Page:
CEO of game maker “Fortnite” Epic denounces movement of child sexual abuse photos on Apple iPhone, calls it “spyware”


Apple has revealed that it could examine users’ iPhones and search for photos of child abuse when uploaded to iCloud in an effort to root out this horrific online crime. However, while the attempt to fix this issue was on the agenda of all tech majors, this move by Apple has been criticized by others as it is likely to cause them more trouble. The first to react was the head of WhatsApp Will Cathcart, then Fortnite Epic Games CEO, game creator Tim Sweeney.

What did Apple do? Apple on Thursday launched various tools to reduce the spread of child pornography (CSAM). This will introduce changes in iMessage, Siri and Search which would allow scanning of iCloud photos to search for known CSAM images and thus help protect children online.

The first to launch an attack on Apple was WhatsApp chief Will Cathcart. Without mince words, he slammed Apple for the move and even released the letter from Apple chief Tim Cook to customers saying the iPhone maker would never allow any outside agency to look into what lies. on user gadgets. Now Apple was doing the opposite, he said.

WhatsApp has faced government pressure to decrypt its fully encrypted messaging system so governments can see what users are sending in an attempt to end extremist activity and test those causing social strife. WhatsApp has said no to such efforts, but Apple is clearly looking to be more flexible even though it says it would never allow anything other than child abuse photos to be analyzed.

Apple’s move is likely to cause governments to put more pressure on WhatsApp to follow suit.

However, after WhatsApp, it is the turn of the popular Fortnite Epic Games CEO, online game creator Tim Sweeney steps forward and pulls a full broadside against Apple. Sweeney said Apple’s decision on child safety initiatives would pave the way for governments to conduct oversight.

Sweeney took to Twitter and said, “I’ve gone to great lengths to see this from Apple’s point of view. personal data and report them to the government ”.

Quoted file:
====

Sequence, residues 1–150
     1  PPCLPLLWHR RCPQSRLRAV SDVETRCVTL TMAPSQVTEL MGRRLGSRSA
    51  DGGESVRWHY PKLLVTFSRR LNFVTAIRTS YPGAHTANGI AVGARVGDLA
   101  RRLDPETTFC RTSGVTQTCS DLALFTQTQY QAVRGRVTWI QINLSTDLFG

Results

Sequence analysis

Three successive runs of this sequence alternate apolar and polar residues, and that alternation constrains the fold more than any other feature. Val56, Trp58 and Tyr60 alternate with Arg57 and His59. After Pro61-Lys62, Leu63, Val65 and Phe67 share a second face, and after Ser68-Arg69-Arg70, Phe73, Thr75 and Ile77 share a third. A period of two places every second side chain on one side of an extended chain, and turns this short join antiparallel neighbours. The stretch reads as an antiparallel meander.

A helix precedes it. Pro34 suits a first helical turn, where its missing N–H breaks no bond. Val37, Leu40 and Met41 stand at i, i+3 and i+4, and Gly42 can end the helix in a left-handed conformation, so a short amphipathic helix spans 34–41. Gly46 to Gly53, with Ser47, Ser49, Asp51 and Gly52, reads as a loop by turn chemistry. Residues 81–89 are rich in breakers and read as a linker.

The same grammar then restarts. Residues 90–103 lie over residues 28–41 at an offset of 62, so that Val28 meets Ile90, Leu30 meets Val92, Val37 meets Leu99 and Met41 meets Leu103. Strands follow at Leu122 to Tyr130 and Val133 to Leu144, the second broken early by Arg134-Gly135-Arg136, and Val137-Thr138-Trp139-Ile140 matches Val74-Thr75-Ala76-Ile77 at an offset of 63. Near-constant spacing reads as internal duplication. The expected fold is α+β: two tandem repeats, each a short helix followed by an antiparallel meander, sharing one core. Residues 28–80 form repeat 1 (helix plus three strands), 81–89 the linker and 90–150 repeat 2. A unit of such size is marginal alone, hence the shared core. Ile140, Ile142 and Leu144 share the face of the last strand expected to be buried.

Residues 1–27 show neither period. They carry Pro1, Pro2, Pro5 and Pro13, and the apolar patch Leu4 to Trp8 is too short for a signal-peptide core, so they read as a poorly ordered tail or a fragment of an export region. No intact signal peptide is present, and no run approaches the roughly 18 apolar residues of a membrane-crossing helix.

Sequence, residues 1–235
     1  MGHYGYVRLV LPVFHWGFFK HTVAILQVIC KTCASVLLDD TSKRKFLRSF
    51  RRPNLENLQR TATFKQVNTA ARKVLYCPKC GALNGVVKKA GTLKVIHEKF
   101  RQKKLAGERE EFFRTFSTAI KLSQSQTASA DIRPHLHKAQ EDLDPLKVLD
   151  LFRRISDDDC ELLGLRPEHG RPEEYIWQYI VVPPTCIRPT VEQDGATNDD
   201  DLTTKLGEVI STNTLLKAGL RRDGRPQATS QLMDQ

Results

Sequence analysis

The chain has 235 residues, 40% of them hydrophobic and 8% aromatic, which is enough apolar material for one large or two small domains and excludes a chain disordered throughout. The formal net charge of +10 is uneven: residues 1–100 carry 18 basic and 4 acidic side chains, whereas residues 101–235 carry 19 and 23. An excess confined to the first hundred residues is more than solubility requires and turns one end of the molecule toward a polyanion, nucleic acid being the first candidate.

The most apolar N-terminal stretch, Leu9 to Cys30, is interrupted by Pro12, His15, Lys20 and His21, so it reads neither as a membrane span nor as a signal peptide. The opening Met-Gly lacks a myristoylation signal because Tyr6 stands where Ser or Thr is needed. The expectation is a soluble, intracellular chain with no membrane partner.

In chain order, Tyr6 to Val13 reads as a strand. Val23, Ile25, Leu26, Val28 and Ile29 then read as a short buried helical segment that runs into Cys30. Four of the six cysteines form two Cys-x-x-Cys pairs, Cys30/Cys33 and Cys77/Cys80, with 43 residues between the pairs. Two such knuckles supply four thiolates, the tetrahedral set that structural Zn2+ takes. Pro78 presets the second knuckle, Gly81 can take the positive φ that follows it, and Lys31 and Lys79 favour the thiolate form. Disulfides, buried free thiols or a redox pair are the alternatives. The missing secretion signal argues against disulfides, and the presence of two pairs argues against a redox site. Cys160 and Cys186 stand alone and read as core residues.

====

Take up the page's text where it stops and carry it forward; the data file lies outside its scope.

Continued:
“But that’s people’s private data,” Sweeney protested in his Twitter thread.

Sweeney even dissected the Apple system in his tweet: “Apple’s dark patterns that turn on iCloud downloads by default, and turn it back on when switching to a new phone or switching accounts, makes the problem worse. Plus, in many contexts, Apple has forced people to accumulate unwanted data, such as with mandatory iCloud email accounts. “

He added: “Although Apple has since changed the signup flow, many have been forced to take on at-icloud-dot-com email accounts that cannot be deleted without losing everything that has already been purchased. in the Apple ecosystem. It’s iCloud, it probably will be. monitored by the police. “

Sweeney went so far as to tweet something even more damning: “So it can be assumed that Apple will now be a state watchdog wherever it is needed. This is already the case in China:”

Sweeney also accused Apple of manipulating public opinion and of presuming guilty people, “The calls to” if you have nothing to hide you have nothing to fear from this surveillance “and” think of the children “will reach a climax, seeking to manipulate public sentiment at this critical time, garnering support from a presumed guilt and lacking due process. ” – Hindustan Times, New Delhi / Tribune News Service


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